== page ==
Reports of supermajor ExxonMobil holding informal discussions to buy the top pure-shale firm, Pioneer Natural Resources, reignited market talk about the start of the next phase of mergers and acquisitions in the U.S. oil industry.
Operators and acreage in the top oil-producing basin, the Permian, are expected to make the biggest waves in a new consolidation stage, analysts say.
This year, the M&A activity in the shale patch could pick up as most oil producers generated record cash flows in 2022 and are looking to grow by adding top-tier assets adjacent to their acreage. In addition, small and mid-sized firms could seek mergers with peers as they are likely struggling to either find buyers or sellers, or access debt markets with the rise in interest rates, according to various analysts and investment banks.
An Exxon-Pioneer Deal Triggers M&A Talk
Several deals in the industry have already been announced this year, but the real merger talk on the market was triggered earlier this month with the rumors that ExxonMobil held early informal talks about potentially acquiring the largest pure-play shale producer, Pioneer Natural Resources.
Exxon is looking to boost its position in the U.S. shale patch, and it has said for years that the Permian basin would be its key priority area for investments and growing production in the coming years.
Exxon and the other supermajor, Chevron, could strike blockbuster deals in the Permian over the next two years, Andrew Dittmar, a director at Enverus, told Reuters. Marathon Oil Corporation and Devon Energy could also be likely buyers in M&A deals, according to Dittmar.
Moreover, inflation could also be a trigger for a wave of consolidation this year, according to Muhammad Laghari, a senior managing director at investment bank Guggenheim Securities.
“M&A is probably right now, in this inflationary environment, the most cost-efficient way to increase your cash flow per share,” Laghari told The Wall Street Journal after reports of Exxon-Pioneer talks surfaced.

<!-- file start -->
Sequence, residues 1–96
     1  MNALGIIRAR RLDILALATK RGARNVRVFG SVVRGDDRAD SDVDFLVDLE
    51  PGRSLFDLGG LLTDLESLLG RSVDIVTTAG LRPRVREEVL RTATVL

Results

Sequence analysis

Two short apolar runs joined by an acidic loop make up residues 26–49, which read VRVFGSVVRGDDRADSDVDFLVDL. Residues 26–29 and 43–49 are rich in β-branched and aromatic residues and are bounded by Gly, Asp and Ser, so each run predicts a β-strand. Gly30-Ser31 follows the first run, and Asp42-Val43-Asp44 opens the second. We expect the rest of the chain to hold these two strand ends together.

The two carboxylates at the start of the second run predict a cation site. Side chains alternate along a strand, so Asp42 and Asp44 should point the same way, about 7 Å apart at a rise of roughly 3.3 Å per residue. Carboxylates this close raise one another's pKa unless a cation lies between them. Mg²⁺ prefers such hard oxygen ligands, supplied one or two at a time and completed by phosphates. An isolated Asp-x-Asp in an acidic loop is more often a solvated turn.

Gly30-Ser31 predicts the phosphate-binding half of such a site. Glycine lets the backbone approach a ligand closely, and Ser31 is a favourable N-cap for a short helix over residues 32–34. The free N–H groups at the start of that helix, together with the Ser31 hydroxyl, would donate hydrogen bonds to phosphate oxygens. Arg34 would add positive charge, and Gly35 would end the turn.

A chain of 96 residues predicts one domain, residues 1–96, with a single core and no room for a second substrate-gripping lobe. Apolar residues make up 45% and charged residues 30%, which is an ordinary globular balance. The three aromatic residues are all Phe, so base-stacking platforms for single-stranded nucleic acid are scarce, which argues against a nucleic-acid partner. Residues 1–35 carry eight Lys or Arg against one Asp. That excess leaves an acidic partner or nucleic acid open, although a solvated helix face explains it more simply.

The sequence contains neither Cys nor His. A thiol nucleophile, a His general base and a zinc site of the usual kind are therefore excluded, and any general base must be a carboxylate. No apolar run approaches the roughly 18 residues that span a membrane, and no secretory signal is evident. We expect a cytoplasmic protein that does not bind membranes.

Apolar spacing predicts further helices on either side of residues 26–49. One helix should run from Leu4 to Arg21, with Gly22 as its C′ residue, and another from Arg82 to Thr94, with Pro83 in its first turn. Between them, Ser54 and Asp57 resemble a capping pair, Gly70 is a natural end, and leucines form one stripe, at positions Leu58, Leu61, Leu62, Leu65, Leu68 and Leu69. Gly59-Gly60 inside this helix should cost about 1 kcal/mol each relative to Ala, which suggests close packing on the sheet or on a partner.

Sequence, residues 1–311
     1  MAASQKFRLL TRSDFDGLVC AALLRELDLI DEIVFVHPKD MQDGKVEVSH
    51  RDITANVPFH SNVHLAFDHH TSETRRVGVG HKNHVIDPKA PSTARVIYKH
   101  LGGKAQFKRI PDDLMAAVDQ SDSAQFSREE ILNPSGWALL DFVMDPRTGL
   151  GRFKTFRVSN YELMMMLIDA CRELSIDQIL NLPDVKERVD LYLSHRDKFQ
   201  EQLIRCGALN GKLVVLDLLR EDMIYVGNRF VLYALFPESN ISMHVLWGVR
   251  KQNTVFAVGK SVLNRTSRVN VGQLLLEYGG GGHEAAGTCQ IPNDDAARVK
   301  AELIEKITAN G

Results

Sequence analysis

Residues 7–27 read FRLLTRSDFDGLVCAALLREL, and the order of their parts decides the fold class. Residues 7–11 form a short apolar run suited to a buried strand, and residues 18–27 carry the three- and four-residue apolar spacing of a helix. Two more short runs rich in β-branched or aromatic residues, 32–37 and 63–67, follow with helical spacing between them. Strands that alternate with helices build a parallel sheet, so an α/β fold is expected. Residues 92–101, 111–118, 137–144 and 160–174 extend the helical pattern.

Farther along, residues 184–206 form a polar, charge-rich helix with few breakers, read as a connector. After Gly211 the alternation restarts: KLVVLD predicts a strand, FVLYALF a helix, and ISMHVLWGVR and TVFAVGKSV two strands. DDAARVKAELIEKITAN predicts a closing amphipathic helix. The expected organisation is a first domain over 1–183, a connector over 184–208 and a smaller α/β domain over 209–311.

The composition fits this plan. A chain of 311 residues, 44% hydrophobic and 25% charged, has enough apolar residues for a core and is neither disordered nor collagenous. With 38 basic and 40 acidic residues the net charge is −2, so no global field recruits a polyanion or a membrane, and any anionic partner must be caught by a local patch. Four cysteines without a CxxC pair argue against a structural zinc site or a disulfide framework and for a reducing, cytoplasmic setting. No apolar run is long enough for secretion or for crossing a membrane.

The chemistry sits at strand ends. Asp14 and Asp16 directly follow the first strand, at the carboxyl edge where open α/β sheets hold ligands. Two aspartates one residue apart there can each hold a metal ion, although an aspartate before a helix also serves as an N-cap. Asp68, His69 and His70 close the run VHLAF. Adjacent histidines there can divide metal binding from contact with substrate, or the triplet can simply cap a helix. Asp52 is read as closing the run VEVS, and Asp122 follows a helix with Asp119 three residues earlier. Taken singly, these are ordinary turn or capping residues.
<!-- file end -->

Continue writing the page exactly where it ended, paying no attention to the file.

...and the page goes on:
Even before the rumors of a potentially huge deal broke, analysts had expected a pick up in deal activity.
“With substantial capital on hand from soaring energy prices in 2022, energy companies are seeking to deploy it via acquisition or to return it to shareholders,” Tom Miles and Brian Healy, Co-Heads of Americas M&A at Morgan Stanley, wrote in a February report on the bank’s M&A outlook for 2023. Related: China Set To Slash Fuel Export Quotas
“Mid-sized energy companies need scale to compete and may seek consolidation opportunities,” they said.
The cash for deals is there as long as there is a willingness for M&A, according to Wood Mackenzie.
“The US Independents are the group that underpins most US M&A activity, most of the time. They certainly have the capacity to boost M&A in 2023. But do they have the appetite?” Greig Aitken from Corporate Research at WoodMac’s upstream M&A research team, said in a 2023 outlook.
U.S. independent producers are much stronger financially now compared to any time in the past decade.
“And financial health continues to improve,” Aitken said.
If the WTI Crude price averages $84 per barrel in 2023, WoodMac expects that almost every company in a peer group of 37 U.S. Independents could be in a position to buy.
“If they want to.”
Industry Expects Consolidation, Too
Executives at top U.S. oil firms also believe that the industry needs to go through another round of consolidation.
“I’ve said for the last year or more that consolidation needs to happen,” ConocoPhillips CEO Ryan Lance told Bloomberg Television in an interview earlier this month.
“There are synergies that can happen, there are costs that can come out of the system, there are better efficiencies that can come with some M&A. So I do believe that M&A is going to continue in this space, it needs to continue in the space to be a healthy business,” Lance added.
Signs have emerged in recent weeks that M&A activity is already picking up, bankers and lawyers told the Financial Times earlier this year.
“They’re out there shopping for more inventory. And we’re back in the business of selling Permian businesses with prime locations to sophisticated parties at real valuations,” Pete Bowden, global head of energy banking at Jefferies, told FT.
For private companies and private equity investors, non-core assets divested by larger companies may be attractive, PwC said in its Energy: US Deals 2023 outlook.
“Even in the traditional oil space, they can recognize these properties still hold short-term value.”
This year has already seen some major deals. VTX Energy Partners, the U.S. upstream company of oil trading giant Vitol, said in January it would acquire Delaware Basin Resources for an undisclosed sum.
“We are eager to continue growing our position in the US Lower 48 as we anticipate US oil to remain an important source of supply to global energy balances,” said Ben Marshall, Vitol Head of Americas.
Matador Resources also struck a deal last month to buy Advance Energy Partners Holdings, in a strategic bolt-on acquisition in the Delaware Basin in the Permian, for an initial cash payment of $1.6 billion.
Matador’s founder, chairman, and CEO Joseph Wm. Foran said, commenting on the deal,
“We have carefully managed and strengthened our balance sheet over time in order to be in a position for a special opportunity like this.”
By Tsvetana Paraskova for Oilprice.com
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